The National Collegiate Athletic Association announced Wednesday that it had concluded its long investigation into possible recruiting violations involving Auburn University's former star quarterback, Cam Newton. Although the association's terse statement (reproduced in its entirety below) didn't specifically say so, the clear implication was that the inquiry had ended without any findings of wrongdoing. The investigation explored allegations that Newton's father, Cecil, had told Mississippi State University that his son would enroll there for a mere $180,000 payment, which prompted speculation that he might have accepted money to enroll, as he ultimately did, at Auburn. Other players reported that they were paid to attend Auburn, too. But the inquiry was unable to confirm those allegations, the association said.
The NCAA's statement: "After conducting more than 80 interviews, the NCAA has concluded its investigation into Auburn University. The NCAA enforcement staff is committed to a fair and thorough investigative process. As such, any allegations of major rules violations must meet a burden of proof, which is a higher standard than rampant public speculation online and in the media. The allegations must be based on credible and persuasive information and includes a good-faith belief that the Committee on Infractions could make a finding. As with any case, should the enforcement staff become aware of additional credible information, it will review the information to determine whether further investigation is warranted."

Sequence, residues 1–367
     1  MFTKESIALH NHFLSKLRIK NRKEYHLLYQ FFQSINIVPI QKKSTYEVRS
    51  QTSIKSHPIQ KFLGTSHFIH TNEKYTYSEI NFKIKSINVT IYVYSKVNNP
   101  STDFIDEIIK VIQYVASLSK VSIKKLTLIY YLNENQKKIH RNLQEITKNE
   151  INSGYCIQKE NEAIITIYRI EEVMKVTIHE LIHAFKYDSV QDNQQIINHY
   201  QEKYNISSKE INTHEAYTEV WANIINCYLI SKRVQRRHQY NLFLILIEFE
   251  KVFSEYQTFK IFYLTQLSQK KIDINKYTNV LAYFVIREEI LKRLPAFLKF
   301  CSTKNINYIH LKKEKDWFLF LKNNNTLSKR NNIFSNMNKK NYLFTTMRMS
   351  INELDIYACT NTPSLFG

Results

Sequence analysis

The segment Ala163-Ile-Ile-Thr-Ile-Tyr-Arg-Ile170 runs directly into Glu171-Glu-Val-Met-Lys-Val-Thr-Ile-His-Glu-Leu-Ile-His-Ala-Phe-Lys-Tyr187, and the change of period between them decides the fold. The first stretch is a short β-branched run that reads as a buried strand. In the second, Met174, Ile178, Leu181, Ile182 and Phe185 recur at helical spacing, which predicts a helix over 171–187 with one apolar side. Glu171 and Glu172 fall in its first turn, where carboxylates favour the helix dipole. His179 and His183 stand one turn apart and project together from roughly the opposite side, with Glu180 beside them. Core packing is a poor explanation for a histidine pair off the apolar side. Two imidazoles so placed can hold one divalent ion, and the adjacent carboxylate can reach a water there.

New England Law Boston announced that it recovered $173,000 that its former controller, Douglas Leman, stole between September 2008 and March 2011, The Boston Globe reported. Law school officials said that they believed the wrongdoing was isolated to one employee. Leman pleaded guilty to the theft last week in federal court.
The Contra Costa Community College District has angered many unions and labor advocates by announcing plans to reconsider a policy governing the companies hired to work on construction projects, The Contra Costa Times reported. The policy requires local labor to be hired whenever possible, and for prevailing wages to be paid. Critics say that it removes flexibility and denies work to non-union labor, but supporters say that it assures fair treatment for workers and supports the local economy.
Stanford University, one of the frontrunners in a competition held by New York City to secure a plot of land and city money to build a high-tech campus, has joined with the City University of New York System to create Stanford@CCNY, a demonstration site at the university's City College campus. The site will serve as a pilot site for Stanford's undergraduate curriculum in entrepreneurship, technology management, and related areas. If Stanford's proposal to build a new campus is accepted by the city, it will offer joint degree programs created by faculty from both institutions through 2016, when the new campus would become operational.
Colleges have until Oct. 28 to submit proposals under the competition staged by Mayor Michael Bloomberg. Stanford and Cornell University have been the most public about their interest in generating proposals, but other universities, including Columbia, New York University, and Carnegie Mellon University, are also working on proposals. The city plans to select the winner by the end of the calendar year.